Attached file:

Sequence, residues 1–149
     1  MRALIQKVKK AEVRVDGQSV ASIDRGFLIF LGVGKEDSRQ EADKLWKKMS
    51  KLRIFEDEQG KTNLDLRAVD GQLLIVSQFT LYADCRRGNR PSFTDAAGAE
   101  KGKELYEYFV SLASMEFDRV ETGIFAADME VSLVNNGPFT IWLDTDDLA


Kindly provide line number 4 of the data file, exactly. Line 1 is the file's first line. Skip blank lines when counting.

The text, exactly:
   101  KGKELYEYFV SLASMEFDRV ETGIFAADME VSLVNNGPFT IWLDTDDLA